Aya: The biggest advantage for me is having the chance to work with many talented translators. I truly believe text localization heavily impacts the enjoyment of the game.

Translators work very hard so that every player can have the same exciting experience, whatever language they want to play in. I have worked with many translators over the years, and it is always astonishing to see the great ideas hidden behind their translation choices.

Yun Yue: I think it is getting involved in the making of your favourite game. Especially when you can bring your insights to help make the project a success, or when you are able to identify potential risks and bring them immediately to the client’s attention.

Do you play the games that you manage? How do you feel when the game is released?

Aya: I do! I felt particularly happy to work on “NieR Replicant™ ver.1.22474487139…” It is one of my all-time favorite titles. Even with projects I’m not directly involved in, it makes me very proud being part of the Keywords family when I see the company and the teams on the credits when playing my favourite games.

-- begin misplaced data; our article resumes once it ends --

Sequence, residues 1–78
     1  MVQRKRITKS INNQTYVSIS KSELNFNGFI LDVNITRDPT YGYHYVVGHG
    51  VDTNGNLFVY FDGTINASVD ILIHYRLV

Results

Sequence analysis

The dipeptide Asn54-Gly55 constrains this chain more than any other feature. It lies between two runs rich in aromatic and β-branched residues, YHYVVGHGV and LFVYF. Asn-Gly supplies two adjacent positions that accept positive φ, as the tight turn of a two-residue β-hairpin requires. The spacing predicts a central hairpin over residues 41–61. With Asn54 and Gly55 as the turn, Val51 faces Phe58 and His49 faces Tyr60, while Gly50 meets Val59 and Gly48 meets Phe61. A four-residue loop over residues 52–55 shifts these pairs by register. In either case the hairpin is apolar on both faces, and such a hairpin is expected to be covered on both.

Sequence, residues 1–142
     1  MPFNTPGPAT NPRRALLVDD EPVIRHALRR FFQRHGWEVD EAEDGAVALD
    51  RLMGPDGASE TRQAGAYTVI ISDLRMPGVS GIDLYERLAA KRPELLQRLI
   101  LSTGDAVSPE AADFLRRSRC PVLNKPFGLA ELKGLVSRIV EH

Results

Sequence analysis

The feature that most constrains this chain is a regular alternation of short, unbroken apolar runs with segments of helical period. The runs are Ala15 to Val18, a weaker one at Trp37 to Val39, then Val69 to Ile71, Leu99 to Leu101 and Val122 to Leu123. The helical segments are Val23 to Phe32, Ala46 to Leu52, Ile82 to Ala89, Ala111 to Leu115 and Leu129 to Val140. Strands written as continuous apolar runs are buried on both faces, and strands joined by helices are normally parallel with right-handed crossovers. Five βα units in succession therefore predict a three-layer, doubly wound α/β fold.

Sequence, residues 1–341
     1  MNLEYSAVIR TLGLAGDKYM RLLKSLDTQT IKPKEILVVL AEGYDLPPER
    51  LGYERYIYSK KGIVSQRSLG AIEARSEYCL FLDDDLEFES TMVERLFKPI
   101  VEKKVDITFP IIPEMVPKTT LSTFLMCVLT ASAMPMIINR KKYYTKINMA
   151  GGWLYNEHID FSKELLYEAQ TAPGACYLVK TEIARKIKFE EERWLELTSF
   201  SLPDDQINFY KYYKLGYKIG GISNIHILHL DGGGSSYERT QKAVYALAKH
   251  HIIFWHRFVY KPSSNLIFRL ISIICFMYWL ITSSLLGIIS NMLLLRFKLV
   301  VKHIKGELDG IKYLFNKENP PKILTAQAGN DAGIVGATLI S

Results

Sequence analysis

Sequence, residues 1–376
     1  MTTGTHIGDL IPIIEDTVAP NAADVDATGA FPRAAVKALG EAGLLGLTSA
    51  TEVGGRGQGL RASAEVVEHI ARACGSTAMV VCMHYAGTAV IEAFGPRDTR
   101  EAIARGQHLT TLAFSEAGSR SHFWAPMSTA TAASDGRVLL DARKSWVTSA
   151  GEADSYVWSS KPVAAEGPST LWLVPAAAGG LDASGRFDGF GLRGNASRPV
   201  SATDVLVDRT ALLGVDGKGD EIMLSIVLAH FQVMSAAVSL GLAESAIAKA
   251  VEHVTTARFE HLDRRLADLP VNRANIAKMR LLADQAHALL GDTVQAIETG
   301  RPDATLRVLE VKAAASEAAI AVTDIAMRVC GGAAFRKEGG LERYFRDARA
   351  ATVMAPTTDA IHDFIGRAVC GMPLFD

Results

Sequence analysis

Yun Yue: Yes, I do! When it is a game that I am interested in, I even buy the additional DLCs as soon as they are released. I feel very happy when a game I worked on is released because I can finally get to play it!

Yin Yue Lim smiling at the camera

What advice would you give to someone who would like to become a PM in the future or get into the game localization industry?

Aya: Always have an open mindset, be creative, and pursue your passion for games. As each project is unique, it’s important to be open to new ideas and solutions. We are most likely to make decisions based on experience but sometimes, this is not enough to solve new challenges. Communicating with the team and gathering their thoughts is key for project management. Most importantly, keep that passion alive and remember how games help people have fun and connect with each other!

Yun Yue: Someone once told me that being a PM is like being a bridge between the client and the resources, and those are the words I live by as a PM. Treating external collaborators and clients as partners and making their experience as smooth as possible. So, in the future when other opportunities arise, both parties will be more than happy to work together again.



If you are interested in a role in Localization at Keywords, you can find open positions on our Careers page.